oculus rift 3d vr video youtube chart graph stat
Rift Specific 3D Video:

Graph 3: only Oculus Rift 3D videos
Lastly we have an Oculus Rift specific 3D content search string. While some noise exists for non-barrel-roll Oculus ready content, it is more than offset by the amount of Rift-ready content that gets cut, by the specificity of the search string. This is also the graph that most explicitly illustrates an exponential growth curve of content. At the right of the graph, content is on the verge of explosive growth. This is also a good time to note another limitation of using Google search as YouTube search proxy, methodology: While this search string results in a low-ambient-noise, Rift specific set of search results, via Google it hits a maximum of approximately 30,000 results by April 2014. Yet when the same search string is done directly in YouTube, the number is an astonishing 116,000 results. My best speculation is that this discrepancy is the result of limitations in the number of YouTube pages Google indexes on a monthly basis. If that is an accurate assumption, then these charts are conservative, by an order of magnitude.

Download Oculus Content PDF from GigantiCo I’m going to go out on a limb and suggest that non-game VR content will be as popular with the Rift, if not more so, than its use as a gaming device. Part of this is personal experience — I am not a gamer, but a longtime virtual reality advocate. I don’t think I’m alone. The truth is most people are not gamers. When I say gamers, I’m referring to the immersive first-person-shooters that headsets like the Oculus Rift are presumed to be targeted at. I have written about this already from the perspective of the Facebook acquisition, but I wanted to explore this notion further, from the perspective of a user.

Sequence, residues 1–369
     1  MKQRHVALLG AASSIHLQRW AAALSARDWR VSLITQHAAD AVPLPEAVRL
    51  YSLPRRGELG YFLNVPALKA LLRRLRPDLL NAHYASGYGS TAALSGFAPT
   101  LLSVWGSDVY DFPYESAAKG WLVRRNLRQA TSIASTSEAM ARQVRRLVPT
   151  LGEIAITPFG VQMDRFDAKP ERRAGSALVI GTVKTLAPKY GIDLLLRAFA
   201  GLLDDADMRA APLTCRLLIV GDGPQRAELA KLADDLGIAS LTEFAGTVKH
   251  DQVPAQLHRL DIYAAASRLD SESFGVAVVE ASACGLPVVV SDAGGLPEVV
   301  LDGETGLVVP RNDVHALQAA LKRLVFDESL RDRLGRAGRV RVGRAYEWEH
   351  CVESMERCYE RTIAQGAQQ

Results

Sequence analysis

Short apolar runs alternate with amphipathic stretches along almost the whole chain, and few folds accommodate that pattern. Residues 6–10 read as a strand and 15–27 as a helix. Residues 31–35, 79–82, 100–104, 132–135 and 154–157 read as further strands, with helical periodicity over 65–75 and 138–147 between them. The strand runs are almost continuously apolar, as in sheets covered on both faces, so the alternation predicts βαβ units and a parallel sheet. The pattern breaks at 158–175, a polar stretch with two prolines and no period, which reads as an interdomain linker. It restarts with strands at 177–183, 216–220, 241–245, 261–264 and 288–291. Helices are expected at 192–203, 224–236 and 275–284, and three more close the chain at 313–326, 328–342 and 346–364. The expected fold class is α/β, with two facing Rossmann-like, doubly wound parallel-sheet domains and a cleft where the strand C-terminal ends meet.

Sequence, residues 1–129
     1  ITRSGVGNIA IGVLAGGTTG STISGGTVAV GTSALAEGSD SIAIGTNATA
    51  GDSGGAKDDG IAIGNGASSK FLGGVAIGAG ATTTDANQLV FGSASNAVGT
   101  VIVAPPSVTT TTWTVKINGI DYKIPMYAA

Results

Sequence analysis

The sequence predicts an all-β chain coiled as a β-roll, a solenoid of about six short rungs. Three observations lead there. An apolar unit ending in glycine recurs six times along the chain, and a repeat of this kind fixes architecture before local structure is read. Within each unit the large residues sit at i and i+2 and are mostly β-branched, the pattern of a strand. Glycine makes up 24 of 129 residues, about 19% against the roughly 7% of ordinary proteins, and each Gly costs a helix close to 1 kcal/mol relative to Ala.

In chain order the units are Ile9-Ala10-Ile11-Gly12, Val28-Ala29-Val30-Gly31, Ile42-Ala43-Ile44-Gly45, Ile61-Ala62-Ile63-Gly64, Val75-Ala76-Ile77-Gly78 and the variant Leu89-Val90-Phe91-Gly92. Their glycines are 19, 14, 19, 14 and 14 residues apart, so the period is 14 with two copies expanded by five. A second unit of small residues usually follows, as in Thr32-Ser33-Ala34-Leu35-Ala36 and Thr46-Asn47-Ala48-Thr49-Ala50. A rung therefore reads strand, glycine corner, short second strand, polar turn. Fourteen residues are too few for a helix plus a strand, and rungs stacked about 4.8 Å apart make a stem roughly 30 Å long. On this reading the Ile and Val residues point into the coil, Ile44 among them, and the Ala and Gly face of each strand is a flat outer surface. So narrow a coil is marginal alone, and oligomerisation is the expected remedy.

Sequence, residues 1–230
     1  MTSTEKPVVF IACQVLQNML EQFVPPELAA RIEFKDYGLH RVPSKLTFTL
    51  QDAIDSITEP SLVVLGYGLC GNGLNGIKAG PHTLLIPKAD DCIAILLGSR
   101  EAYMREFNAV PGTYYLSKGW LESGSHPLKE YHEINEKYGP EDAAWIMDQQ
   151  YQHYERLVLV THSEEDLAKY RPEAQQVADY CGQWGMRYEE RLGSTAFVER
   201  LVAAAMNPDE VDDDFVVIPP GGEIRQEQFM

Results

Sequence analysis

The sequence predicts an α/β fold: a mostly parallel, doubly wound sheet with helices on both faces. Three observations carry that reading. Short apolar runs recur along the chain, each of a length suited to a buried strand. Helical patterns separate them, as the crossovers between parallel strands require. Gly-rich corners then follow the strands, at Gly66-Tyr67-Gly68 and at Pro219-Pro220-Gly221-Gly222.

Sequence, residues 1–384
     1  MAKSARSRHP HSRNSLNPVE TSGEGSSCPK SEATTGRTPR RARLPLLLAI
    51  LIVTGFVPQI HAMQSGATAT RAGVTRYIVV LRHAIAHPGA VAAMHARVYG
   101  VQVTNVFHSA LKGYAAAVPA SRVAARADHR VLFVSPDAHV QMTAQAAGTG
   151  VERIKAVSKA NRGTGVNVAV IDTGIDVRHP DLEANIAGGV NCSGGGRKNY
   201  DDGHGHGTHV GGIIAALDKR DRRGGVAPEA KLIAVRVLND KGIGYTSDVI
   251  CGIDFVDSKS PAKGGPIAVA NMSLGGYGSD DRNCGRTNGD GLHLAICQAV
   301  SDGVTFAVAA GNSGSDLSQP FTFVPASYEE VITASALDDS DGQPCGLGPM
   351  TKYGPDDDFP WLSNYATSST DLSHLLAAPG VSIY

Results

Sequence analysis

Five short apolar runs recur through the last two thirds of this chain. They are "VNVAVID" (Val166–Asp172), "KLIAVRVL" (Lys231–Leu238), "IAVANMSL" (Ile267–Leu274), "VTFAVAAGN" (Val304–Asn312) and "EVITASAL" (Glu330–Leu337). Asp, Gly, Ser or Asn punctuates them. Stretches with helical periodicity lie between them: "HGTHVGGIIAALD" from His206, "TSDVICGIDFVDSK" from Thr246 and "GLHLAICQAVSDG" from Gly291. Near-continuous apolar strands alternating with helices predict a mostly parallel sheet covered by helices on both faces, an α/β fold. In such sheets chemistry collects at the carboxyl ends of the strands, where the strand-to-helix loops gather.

Long before 3D IMAX movies, there were stereoscopes. My grandmother had a pair when I was a child. She kept them with a basket full of 3D photos beside her chair in the living room. Over the years, the View-Master (shown with Oculus Rift atop page) has enjoyed a near century-long run, surviving multiple acquisitions, now a sub-brand of Mattel subsidiary Fisher-Price, will celebrate its centennial in 2019. While I’ve not been successful in running down actual year-over-year production numbers of View-Master content for this story, according to Mary Ann & Wolfgang Sell and Charley Van Pelt’s comprehensive history of View-Master, “View-Master Memories,” places View-Master content production runs into the billions. There is pent-up-demand for non-gaming 3D content in virtual tourism and virtual experiences waiting to be unleashed.